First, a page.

Tipping the Velvet is one of the books on my Reading Challenge 2021. I have heard and read so many good things about Sarah Waters so far that I did not doubt that I would admire this book. When Korean director Park Chan-wook created the masterpiece The Handmaiden, inspired by the author’s book Fingersmith, I immediately bought Tipping the Velvet. However, I did not want to leave this first book of the author halfway nor sit down and read it for hours.
Tipping the Velvet takes place in the 1890s and chronicles the life of a young girl named Nancy. Leaving her quiet life in the small seaside town of Whitstable, Nancy begins a more turbulent life in London than she expected. Because Nancy falls in love with Kitty Butler, a cross-dressing singer; she knows that she is gay. After that, we witness what it was like to be a lesbian in Victorian London. But of course, we also read about Nancy’s growing up story and all the strange events and characters that came with it.
Tipping the Velvet and gay life in Victorian London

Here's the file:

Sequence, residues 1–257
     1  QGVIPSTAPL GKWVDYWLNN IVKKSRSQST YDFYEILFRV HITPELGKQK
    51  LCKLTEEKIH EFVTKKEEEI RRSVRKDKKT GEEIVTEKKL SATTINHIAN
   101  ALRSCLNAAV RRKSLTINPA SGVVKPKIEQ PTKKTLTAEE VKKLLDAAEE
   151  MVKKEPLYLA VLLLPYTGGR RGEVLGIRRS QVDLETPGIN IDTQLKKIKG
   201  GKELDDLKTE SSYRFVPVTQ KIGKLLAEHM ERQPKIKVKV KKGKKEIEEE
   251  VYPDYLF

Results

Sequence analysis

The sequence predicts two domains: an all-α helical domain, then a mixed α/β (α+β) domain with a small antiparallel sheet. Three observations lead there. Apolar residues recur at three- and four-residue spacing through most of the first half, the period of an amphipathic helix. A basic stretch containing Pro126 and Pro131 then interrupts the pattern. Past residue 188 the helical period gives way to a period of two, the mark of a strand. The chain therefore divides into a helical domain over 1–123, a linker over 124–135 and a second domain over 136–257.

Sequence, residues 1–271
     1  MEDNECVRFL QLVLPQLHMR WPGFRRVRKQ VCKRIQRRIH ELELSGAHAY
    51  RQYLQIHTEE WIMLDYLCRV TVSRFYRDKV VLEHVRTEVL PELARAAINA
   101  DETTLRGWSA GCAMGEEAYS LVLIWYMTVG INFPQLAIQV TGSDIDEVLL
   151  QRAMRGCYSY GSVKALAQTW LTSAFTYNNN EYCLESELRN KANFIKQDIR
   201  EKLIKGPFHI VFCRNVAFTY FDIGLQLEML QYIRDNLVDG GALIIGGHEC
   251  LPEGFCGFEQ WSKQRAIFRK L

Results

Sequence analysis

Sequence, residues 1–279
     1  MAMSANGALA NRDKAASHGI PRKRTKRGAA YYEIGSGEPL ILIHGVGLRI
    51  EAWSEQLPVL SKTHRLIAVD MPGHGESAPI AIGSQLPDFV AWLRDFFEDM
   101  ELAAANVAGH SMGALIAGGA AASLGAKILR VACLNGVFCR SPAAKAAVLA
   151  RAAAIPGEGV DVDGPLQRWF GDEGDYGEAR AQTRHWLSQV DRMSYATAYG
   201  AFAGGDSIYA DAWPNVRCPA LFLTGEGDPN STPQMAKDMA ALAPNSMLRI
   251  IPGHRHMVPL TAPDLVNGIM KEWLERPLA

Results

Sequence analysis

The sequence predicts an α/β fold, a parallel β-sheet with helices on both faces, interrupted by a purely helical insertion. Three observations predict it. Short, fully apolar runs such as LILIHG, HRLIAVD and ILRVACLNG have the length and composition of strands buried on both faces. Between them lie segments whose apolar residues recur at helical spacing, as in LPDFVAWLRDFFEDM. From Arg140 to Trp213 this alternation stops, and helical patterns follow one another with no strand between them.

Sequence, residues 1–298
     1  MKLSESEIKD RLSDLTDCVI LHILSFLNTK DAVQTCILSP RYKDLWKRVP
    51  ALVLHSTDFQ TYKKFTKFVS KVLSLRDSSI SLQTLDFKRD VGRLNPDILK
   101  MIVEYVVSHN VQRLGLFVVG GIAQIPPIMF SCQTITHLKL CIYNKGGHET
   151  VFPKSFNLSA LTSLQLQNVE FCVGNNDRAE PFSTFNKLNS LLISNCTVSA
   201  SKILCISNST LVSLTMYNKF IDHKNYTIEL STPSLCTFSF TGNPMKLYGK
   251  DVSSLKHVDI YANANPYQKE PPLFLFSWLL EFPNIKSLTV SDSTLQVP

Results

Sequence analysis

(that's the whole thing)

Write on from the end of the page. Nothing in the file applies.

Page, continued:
Since Sarah Waters did her PhD on gay life and pornography in Victorian England, the book’s contents were highly detailed and educational. It never occurred to me that there could be a lesbian bar in London in the Victorian era, and its name could be The Man in the Boat. The author found the title of the book while writing her doctoral research. (Look for the meaning of these if you have no idea like I did.)
The book is almost 500 pages, but it felt much longer for me. As I said, I could not leave the book halfway, nor did I want to sit down and read it for hours. When I finally finished it, the ending disappointed me. It seems as if all those events that had grown like an avalanche were resolved in one afternoon. Still, I found a reason not to quit the book, and I’m sure I will find a reason to read another Sarah Waters book. I suggest you read an LGBTQ + author as soon as possible as well. Enjoy!
Tipping the Velvet
Nan King, an oyster girl, is captivated by the music hall phenomenon Kitty Butler. A male impersonator extraordinaire treading the boards in Canterbury. Through a friend at the box office, Nan manages to visit all her shows and finally meet her heroine. Soon after, she becomes Kitty’s dresser and the two head for the bright lights of Leicester Square. Where they begin a glittering career as music-hall stars in an all-singing and dancing double act. At the same time, behind closed doors. They admit their attraction to each other and their affair begins.
Sarah Ann Waters OBE is a Welsh novelist. She is best known for her novels set in Victorian society. And featuring lesbian protagonists, such as Tipping the Velvet and Fingersmith.
Reading this book contributed to these challenges: